Lawrence Perelman, managing director of Semantix Creative Group, is a strategic adviser to performing arts institutions has advised musicians of the Minnesota Orchestra to quit their ensemble and to create a new one. In the newspaper Star Tribune he wrote: « Follow Maestro Vänskä’s lead and resign from the Minnesota Orchestral Association. Immediately announce the creation of the Minnesota Symphony, a self-governing orchestra modeled on the Vienna Philharmonic. Find a charitable organization to give temporary use of its tax status (while you establish a new nonprofit) so you can receive donations from foundations and corporations and from your audience. Govern yourselves, and assign responsibilities to yourselves. Make history by setting an example for other orchestras to follow, and end the labor-management paradigm that leads to these kinds of disputes.

The economics will depend on the operation you establish. Here’s one scenario:

Your salaries will probably take a hit the first few years, but this is part of the risk-reward equation. You will experience freedom you never thought possible. There will be opportunities (many of you already have these) to supplement your Minnesota Symphony income, including teaching and other concerts.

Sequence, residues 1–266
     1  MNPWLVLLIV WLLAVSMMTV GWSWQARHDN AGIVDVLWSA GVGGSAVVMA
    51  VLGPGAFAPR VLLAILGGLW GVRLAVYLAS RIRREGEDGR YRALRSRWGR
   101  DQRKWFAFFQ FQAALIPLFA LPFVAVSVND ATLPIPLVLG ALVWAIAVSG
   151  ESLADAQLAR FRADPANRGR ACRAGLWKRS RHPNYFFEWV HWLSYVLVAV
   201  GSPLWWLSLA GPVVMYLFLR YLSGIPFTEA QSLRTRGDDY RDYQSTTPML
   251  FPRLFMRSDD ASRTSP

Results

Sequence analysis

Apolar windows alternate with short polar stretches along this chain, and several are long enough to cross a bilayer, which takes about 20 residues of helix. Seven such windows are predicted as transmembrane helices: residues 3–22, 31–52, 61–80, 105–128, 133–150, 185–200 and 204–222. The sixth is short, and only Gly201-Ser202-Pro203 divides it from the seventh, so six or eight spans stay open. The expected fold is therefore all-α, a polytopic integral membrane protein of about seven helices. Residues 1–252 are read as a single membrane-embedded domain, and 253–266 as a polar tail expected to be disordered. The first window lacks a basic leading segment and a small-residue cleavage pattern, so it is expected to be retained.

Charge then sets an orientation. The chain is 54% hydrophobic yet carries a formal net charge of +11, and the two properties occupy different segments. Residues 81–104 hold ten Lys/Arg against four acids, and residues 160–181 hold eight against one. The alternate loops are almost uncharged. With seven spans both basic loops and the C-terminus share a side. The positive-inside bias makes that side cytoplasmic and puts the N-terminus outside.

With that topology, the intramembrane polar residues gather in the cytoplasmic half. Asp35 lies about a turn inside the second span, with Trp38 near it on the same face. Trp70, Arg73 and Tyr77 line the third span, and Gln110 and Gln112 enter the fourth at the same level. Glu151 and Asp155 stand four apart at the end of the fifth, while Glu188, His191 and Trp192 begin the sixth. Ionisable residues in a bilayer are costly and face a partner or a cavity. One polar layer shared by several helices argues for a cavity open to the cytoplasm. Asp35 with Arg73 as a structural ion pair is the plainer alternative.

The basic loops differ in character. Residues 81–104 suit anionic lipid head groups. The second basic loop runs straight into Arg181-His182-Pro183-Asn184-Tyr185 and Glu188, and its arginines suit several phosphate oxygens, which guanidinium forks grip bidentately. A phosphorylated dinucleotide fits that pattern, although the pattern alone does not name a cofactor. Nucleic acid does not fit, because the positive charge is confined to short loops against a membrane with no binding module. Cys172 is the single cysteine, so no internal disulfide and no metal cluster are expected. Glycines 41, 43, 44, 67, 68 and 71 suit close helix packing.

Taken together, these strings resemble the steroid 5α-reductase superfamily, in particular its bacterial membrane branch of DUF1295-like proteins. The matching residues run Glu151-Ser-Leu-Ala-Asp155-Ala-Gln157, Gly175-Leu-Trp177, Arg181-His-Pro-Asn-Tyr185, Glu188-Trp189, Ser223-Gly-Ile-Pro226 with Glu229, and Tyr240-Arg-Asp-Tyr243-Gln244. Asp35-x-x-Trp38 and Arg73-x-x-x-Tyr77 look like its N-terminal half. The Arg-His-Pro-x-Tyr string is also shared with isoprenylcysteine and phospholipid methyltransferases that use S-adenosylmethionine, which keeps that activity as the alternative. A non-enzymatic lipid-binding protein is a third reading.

The average player’s salary is $100,000, and that means $10 million for 100 players. It’s not impossible to break even relatively quickly from all the potential concert fees the Minnesota Symphony will receive. Branding won’t be a problem, since this will be big news and you will be a hot ticket. One hundred concerts a year at a fee of $100,000 per concert gets you to $10 million. Then there’s foundation, corporate and individual support, which would be significant and would provide start-up funding and a budget to invite visiting conductors or to hire a music director.

Who will pay the fees for the 100 concert dates? In an ironic twist, it could be your former parent, the Minnesota Orchestral Association, which controls Orchestra Hall. The association will suddenly require a major performing arts partner, since the Minnesota Orchestra will no longer exist. Enter the Minnesota Symphony. Imagine the ovation at the first concert. History.

The spirit of the Minnesota Orchestra will live on in the Minnesota Symphony. You will soon get calls from other presenters, and perhaps, just perhaps, you will get a call from Maestro Vänskä and Carnegie Hall. »

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